Most people do not realize that even if a charge is dismissed or they are found not guilty, the original charge still appears on their criminal record. Dismissed charges make it hard to rent a home, find a job, gain admission to college, and hinder other opportunities. The collateral consequences of a felony dismissal can be far greater than expected and are often completely unfair to the wrongfully accused.

Effective December 1, 2017, the new law, Senate Bill 445, will allow those that qualify, to expunge felonies and misdemeanors in which they were found not guilty or dismissed even if the person has had a prior expungement, which is a change from the current law.

Also under the new law, those who qualify that have prior convictions may be able to clear their records of certain charges or convictions sooner than what is available under the current law. A first-time nonviolent felon used to wait 15 years before petitioning for expungement but after Dec 1, the waiting period will be reduced to 10 years. A person convicted of a non-violent misdemeanor must wait 5 years instead of the previously required 15 years.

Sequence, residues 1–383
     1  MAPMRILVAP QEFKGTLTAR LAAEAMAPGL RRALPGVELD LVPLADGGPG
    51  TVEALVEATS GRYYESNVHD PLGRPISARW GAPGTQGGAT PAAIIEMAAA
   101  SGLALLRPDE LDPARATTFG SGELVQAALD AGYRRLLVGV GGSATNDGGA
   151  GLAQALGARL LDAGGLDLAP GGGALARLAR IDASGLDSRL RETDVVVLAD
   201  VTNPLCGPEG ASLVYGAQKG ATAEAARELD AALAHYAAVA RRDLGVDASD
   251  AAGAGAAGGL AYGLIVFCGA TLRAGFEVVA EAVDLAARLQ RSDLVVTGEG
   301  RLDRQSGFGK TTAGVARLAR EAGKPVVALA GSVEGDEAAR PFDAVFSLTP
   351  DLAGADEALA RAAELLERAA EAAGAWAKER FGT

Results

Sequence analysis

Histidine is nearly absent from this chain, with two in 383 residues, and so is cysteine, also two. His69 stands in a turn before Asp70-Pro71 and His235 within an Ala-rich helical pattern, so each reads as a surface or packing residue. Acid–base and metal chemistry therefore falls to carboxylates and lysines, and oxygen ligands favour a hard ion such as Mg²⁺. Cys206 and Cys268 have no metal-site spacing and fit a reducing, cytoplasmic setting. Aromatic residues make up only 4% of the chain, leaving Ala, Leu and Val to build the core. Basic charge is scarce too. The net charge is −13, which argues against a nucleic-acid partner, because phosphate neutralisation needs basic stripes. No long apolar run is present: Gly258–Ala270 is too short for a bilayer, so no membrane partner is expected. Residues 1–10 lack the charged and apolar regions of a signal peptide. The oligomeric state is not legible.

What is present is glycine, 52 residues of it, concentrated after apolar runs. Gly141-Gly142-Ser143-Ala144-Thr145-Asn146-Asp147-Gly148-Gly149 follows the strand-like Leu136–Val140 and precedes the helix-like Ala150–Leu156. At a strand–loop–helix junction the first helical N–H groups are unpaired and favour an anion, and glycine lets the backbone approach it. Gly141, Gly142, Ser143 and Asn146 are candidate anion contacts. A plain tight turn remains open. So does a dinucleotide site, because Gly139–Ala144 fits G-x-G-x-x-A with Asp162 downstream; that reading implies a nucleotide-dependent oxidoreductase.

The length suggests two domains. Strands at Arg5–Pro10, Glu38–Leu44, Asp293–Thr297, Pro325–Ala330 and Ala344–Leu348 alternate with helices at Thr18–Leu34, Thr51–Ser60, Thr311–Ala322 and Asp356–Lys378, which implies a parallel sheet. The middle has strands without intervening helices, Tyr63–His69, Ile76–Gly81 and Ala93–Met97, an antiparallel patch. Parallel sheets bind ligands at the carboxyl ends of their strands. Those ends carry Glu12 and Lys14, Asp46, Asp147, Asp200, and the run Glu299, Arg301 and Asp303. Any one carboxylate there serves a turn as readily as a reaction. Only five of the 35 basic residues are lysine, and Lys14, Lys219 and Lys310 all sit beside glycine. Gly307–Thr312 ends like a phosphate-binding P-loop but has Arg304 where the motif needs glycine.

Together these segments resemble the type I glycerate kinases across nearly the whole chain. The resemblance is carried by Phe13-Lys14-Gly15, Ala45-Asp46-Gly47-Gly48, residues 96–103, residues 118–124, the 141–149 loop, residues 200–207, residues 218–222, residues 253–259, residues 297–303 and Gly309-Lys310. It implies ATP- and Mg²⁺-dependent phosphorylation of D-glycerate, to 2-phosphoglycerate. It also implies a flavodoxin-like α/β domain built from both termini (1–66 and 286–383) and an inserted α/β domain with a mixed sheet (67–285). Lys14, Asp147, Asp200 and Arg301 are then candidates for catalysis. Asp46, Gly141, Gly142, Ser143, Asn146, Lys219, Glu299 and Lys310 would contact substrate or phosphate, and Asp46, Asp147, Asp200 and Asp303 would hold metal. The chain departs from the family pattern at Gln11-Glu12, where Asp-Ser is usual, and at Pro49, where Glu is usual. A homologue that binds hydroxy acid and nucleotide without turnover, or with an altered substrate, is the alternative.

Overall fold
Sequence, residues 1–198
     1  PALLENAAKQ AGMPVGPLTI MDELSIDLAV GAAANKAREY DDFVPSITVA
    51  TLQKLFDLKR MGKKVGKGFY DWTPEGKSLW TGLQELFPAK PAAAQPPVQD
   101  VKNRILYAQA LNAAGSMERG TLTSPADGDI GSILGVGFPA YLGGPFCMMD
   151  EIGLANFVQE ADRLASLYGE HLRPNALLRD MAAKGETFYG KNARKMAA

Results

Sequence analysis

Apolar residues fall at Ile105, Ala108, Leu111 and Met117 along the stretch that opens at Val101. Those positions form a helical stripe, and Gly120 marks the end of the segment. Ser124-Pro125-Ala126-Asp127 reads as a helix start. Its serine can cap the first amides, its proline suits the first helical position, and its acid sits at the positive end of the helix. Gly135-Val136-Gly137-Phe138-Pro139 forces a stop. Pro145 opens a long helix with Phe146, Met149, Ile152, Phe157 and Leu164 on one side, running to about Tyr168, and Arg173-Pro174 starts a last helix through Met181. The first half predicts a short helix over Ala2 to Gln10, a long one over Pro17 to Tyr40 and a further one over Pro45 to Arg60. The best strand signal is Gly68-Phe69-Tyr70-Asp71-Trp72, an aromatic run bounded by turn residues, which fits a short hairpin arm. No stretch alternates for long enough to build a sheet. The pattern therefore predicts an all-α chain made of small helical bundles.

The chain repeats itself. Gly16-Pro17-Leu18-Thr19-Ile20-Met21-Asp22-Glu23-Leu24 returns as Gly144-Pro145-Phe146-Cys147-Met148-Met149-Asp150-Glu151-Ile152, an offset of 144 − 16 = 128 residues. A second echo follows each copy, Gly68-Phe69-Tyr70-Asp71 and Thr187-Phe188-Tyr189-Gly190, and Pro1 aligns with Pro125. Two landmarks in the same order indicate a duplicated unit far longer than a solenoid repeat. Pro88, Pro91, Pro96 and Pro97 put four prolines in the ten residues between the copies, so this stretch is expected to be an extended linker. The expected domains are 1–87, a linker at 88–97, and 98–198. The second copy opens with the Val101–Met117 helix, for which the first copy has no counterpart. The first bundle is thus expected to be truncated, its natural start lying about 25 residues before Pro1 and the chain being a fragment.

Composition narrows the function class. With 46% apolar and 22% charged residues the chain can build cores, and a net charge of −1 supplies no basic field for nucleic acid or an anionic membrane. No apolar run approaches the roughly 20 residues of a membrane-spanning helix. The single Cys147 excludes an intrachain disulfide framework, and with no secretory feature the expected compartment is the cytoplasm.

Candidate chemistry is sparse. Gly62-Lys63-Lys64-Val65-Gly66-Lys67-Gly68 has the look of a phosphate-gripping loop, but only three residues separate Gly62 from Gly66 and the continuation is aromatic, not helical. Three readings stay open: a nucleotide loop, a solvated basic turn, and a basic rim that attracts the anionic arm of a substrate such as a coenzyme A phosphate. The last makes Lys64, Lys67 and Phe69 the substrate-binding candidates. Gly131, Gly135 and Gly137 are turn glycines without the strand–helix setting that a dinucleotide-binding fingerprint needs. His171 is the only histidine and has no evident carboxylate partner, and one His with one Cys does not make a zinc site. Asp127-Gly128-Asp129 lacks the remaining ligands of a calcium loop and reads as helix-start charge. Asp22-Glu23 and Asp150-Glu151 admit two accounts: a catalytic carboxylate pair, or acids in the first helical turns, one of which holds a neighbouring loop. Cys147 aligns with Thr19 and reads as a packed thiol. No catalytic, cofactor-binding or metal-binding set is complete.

To see if you qualify, contact Dummit Fradin Attorneys at Law for your pre-screening free of charge.

Senate Bill 445